At Hearing Evaluation Services (HES), we believe that effective treatment begins with a thorough diagnosis of your child’s hearing. By clearly identifying the cause of your child’s hearing loss, our audiologists are able to develop a comprehensive and effective treatment plan that allows your child to succeed developmentally, academically, and socially. Having a large staff of experienced and knowledgeable audiologists allows us to to have specialists in areas such as pediatric hearing. Therefore, your child will be in the care of a pediatric specialist who can address any questions or concerns you may have.
Your child’s hearing evaluation will be analyzed in conjunction with his or her medical history and a physical from their pediatrician. This extensive process allows us to consider all possible causes of hearing loss. There are many different types of non-invasive hearing tests. Some tests can be used on all children, while others are dependent on your child’s age and level of understanding. Below we have indicated the various testing methods suitable for children in each age group.
Newborns – Two-Year-Olds
Newborn Hearing Screening
Newborns are given a hearing screening almost immediately after birth; it is required by law before they leave the hospital. If a screening is failed, further testing by an audiologist is needed. Ideally, hearing loss in babies should be identified by three months of age so that treatment can begin before the baby is six months – a very important time for speech and language development.
Two to Four-Year-Olds
Conditioned Play Audiometry
The child is shown how to perform a repetitive play task each time he or she hears a sound. For example, a child may be encouraged to build a tower with blocks or place a peg in a pegboard. Accurate ear-specific information can be obtained when the child wears headphones or a bone conduction oscillator.
Four Years & Up
During this hearing test, the child raises his or her hand, or pushes a button, upon hearing a tone – the same as with adults.
A child that is resting quietly or sleeping can have their hearing tested at any age. When the ear detects a sound, electrical nerve impulses relay information to the brain. These electrical impulses can be measured and used to determine how loud sound has to be in order for the child to hear. For this test, sounds such as clicks and tones are presented to the child’s ear and the electrical response is measured to determine which sounds the child heard.
Visually Reinforced Audiometry
Visually Reinforced Audiometry is performed while the child is seated on a parent’s lap, while sounds are presented either through loudspeakers or earphones. When a tone or speech is perceived, the child will turn his or her head to locate the sound. This head-turn response is rewarded by the activation of a lighted toy mounted near the loudspeakers, which encourages the child to respond (turn their head) each time a sound is heard.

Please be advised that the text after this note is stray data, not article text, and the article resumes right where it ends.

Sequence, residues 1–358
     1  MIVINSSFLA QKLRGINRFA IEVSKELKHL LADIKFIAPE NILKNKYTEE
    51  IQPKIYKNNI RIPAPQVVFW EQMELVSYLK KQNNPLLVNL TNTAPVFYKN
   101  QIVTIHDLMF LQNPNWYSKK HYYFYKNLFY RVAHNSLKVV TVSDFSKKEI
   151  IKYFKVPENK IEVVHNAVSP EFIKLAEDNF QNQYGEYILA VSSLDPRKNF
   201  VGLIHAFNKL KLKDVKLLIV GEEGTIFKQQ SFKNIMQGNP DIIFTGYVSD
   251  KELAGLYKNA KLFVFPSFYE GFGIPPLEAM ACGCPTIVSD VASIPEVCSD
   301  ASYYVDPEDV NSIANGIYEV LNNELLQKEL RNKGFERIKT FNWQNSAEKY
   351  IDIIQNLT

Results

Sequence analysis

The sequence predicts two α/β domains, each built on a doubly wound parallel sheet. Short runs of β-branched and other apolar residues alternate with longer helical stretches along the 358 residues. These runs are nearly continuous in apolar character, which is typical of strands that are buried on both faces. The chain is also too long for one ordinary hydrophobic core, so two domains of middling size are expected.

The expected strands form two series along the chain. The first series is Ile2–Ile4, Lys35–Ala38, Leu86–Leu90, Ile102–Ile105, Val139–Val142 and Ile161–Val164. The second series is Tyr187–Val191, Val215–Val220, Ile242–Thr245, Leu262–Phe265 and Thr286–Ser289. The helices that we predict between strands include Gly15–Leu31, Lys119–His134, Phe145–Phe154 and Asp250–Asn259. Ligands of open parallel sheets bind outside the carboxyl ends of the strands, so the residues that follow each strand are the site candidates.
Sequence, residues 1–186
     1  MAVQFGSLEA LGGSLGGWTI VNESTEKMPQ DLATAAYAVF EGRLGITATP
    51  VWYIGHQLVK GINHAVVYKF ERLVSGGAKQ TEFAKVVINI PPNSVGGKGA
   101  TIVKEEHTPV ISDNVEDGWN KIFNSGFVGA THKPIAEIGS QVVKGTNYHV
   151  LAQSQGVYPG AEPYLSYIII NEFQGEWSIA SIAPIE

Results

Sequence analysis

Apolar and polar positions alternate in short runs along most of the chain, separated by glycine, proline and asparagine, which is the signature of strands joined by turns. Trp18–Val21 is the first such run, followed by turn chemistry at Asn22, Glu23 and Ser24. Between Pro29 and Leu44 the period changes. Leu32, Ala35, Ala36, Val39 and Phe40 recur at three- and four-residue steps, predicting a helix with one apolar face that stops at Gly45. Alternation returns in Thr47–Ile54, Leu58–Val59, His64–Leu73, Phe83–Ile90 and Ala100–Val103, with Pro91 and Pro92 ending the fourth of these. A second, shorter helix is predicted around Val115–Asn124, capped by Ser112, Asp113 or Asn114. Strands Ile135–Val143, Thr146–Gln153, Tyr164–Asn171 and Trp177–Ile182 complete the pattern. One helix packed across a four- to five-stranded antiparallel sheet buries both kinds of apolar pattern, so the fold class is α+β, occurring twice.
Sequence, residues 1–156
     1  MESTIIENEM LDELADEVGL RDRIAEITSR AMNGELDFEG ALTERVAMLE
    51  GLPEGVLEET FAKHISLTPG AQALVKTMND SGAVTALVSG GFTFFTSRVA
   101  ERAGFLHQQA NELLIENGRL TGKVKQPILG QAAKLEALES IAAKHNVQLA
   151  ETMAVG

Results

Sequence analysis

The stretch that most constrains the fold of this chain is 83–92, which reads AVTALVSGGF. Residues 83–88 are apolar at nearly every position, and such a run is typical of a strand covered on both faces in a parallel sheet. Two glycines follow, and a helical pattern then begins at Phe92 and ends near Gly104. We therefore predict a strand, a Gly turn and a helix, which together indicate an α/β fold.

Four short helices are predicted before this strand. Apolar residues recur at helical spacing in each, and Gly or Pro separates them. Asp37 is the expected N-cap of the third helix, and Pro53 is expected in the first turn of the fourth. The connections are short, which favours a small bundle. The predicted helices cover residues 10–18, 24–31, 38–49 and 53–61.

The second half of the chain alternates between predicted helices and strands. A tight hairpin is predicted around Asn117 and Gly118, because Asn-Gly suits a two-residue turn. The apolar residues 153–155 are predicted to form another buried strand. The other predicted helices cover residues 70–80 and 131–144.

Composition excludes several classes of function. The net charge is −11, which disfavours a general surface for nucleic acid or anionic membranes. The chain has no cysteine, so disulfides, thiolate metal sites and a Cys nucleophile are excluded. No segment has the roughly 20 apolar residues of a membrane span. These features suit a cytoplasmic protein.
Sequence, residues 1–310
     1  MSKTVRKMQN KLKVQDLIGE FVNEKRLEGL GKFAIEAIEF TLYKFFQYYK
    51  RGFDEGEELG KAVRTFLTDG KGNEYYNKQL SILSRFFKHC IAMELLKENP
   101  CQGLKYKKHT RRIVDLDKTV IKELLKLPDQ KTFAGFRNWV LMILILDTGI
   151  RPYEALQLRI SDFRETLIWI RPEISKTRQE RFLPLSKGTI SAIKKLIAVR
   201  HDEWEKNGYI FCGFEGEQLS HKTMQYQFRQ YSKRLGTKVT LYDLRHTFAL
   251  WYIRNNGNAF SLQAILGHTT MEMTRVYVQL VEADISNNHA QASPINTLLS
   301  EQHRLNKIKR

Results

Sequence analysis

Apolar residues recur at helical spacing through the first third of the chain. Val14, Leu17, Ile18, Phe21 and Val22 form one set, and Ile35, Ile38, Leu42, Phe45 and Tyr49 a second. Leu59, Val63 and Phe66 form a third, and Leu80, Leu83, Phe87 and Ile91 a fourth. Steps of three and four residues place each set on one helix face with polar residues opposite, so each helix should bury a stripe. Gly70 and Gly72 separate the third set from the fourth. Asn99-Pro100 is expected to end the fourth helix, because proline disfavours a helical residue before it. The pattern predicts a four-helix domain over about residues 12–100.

Otoacoustic Emissions (OAE)
For children who are unable or unwilling to participate in visually reinforced audiometry, Otoacoustic Emissions (OAE) can provide information about inner ear functioning. OAE testing is especially useful on newborns and infants because it doesn’t require a verbal response or voluntary participation. OAEs are tiny sounds generated by the movement of outer hair cells in the inner ear when stimulated by a sound. We can perform OAE testing while a child is asleep, awake, playing, or eating. OAE testing is a noninvasive test, during which, an audiologist will place a small probe into the child’s ear canal to record OAEs. OAEs are absent when there is a mild sensorineural hearing loss of 30dB or greater, or when middle ear fluid is present. Therefore, present OAEs imply normal inner ear function.
Tympanometry is a test used to evaluate the middle ear and the mobility of the tympanic membrane (the eardrum). It can detect problems like fluid, earwax, or a perforated eardrum that may impair your child’s hearing. Tympanometry is commonly used in children to test for the presence of otitis media with effusion (OME), which is common in children. OME occurs when fluid remains trapped in the inner ear following an infection.
During this test, an audiologist will stick a pressurized probe into your child’s ear. It measures the eardrum’s response to changes in pressure. Air pressure is applied to the eardrum, moving it back and forth. The device measures how well the eardrum moves back and forth from its resting position, which helps determine if the eardrum is too stiff or too mobile. If the eardrum is too stiff, that could mean there is fluid behind it.
Tympanometry also measures the amount of space in the ear canal. If there is an open pressure equalization tube (PE tube) or the eardrum is ruptured, then the space will be larger than normal.
If you suspect your child may be suffering from a hearing loss, early testing and diagnosis can ensure your child is treated, and able to excel academically and socially.